Government moves to reform the courts service fail to tackle any of the "serious problems" facing the justice system, a top lawyer has warned.
Lord Pannick, who led the successful legal challenge over triggering Article 50, derided the "anodyne" legislation during committee stage of the Courts and Tribunals (Judiciary and Functions of Staff) Bill in the House of Lords.
The Government says the draft legislation will ensure the courts and tribunals system is "fit for the 21st century".
Forming part of a wider package of modernisation reforms, measures contained in the Bill include allowing authorised court staff to carry out routine judicial functions in the Crown Court, such as changing the start time of a hearing, and so freeing up judges' time.
Most of the proposals were contained in the previous and more far-reaching Prisons and Courts Bill, which fell when the general election was called.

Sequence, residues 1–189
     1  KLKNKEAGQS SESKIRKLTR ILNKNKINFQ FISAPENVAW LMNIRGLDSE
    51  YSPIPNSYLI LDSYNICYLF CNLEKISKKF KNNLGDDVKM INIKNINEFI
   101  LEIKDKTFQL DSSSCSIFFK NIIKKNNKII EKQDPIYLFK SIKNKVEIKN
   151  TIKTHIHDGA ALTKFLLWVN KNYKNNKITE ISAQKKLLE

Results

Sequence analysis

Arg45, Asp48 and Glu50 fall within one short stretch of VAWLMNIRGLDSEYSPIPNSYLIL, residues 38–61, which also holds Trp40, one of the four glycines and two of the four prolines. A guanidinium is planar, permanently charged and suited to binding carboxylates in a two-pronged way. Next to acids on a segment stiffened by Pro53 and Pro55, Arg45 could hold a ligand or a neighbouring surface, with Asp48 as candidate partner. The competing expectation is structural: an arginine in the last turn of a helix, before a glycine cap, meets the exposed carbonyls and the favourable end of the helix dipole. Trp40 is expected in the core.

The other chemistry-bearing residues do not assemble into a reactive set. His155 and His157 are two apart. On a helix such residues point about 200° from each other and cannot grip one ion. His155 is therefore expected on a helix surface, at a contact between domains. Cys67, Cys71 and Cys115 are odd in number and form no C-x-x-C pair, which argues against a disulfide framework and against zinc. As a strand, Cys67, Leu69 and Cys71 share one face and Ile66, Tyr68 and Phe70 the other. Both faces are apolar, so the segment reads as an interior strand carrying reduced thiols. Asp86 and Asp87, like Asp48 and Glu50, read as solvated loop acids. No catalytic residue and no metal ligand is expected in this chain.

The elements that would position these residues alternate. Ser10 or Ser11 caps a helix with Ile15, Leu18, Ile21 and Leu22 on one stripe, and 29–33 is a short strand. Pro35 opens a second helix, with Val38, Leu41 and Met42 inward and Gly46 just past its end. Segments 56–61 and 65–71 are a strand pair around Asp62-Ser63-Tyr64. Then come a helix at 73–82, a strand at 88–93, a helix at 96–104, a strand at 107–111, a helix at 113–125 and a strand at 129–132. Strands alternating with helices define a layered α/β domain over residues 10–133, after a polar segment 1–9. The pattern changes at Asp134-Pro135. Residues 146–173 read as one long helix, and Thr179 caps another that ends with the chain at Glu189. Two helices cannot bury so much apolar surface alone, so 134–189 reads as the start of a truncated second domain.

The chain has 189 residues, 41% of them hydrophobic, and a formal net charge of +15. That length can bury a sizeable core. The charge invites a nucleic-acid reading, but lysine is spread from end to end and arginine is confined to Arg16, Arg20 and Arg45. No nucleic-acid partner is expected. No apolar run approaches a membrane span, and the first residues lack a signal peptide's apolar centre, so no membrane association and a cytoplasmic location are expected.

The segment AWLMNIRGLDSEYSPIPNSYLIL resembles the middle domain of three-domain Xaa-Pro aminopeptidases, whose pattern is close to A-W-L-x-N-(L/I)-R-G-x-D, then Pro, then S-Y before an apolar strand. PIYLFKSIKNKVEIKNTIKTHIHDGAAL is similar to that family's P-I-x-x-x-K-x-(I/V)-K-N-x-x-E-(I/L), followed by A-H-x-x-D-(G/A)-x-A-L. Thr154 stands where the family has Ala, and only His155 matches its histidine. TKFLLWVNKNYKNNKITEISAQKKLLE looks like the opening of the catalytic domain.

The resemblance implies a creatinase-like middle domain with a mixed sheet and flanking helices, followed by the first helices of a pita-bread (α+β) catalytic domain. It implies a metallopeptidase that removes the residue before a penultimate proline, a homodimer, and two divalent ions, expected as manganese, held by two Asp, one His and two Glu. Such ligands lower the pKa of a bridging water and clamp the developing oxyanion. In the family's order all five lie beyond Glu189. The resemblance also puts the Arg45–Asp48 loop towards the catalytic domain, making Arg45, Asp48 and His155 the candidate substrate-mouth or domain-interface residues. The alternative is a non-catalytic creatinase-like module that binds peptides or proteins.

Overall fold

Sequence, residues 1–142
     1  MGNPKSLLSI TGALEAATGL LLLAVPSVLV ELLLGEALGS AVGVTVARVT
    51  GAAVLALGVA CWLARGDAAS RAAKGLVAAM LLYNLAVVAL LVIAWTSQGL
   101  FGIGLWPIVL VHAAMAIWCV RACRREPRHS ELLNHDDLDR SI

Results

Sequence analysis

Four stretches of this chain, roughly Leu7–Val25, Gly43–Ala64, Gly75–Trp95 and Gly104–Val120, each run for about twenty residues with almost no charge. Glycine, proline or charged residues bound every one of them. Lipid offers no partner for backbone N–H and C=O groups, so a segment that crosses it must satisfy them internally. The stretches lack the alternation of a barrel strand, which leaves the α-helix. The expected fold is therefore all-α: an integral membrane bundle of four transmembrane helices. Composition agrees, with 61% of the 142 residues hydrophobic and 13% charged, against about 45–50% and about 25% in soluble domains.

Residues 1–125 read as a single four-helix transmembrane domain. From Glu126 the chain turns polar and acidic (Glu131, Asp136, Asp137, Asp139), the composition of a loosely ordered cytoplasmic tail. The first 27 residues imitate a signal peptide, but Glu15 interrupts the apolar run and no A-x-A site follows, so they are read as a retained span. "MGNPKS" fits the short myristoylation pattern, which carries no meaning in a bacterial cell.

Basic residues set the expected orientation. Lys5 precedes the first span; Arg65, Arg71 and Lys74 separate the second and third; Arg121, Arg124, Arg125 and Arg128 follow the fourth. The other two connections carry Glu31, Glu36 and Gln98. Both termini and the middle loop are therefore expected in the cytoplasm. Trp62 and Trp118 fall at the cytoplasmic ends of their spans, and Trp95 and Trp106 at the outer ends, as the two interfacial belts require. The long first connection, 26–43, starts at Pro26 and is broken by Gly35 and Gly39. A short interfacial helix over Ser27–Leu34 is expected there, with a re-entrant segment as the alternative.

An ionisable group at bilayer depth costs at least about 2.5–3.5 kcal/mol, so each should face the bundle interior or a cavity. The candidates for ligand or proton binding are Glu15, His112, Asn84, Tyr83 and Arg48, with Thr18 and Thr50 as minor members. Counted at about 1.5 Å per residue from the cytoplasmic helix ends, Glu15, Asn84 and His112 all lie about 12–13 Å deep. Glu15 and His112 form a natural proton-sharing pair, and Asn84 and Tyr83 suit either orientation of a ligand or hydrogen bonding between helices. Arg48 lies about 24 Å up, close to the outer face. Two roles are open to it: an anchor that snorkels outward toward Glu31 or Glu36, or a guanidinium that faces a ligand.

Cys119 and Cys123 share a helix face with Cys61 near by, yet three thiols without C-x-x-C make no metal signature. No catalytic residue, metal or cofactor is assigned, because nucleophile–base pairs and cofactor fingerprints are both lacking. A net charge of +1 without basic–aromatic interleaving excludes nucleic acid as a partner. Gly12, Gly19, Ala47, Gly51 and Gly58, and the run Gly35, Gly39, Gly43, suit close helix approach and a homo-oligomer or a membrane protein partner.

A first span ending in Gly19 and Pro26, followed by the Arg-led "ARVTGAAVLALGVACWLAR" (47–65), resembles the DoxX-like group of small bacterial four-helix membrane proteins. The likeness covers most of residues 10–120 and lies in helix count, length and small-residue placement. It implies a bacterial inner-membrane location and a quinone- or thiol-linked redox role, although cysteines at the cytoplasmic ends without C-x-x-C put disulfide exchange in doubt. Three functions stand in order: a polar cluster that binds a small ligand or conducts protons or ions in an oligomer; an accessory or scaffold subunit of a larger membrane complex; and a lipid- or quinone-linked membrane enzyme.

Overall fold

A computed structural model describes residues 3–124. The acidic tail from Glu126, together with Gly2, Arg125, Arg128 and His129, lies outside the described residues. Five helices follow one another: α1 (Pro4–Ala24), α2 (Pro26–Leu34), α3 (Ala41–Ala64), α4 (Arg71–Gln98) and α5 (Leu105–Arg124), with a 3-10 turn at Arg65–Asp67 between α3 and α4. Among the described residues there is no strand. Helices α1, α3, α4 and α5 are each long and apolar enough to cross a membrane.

But independent crossbencher Lord Pannick (pictured) was dismissive of the latest government legislation.
He said: "It is a remarkable achievement for the Government to bring forward a Bill on courts and tribunals that ignores all of the serious problems that are facing our justice system.
"Not simply diversity but the recruitment crisis, the crisis in legal aid, the appalling state of the judicial estate and the vital need for modernisation."
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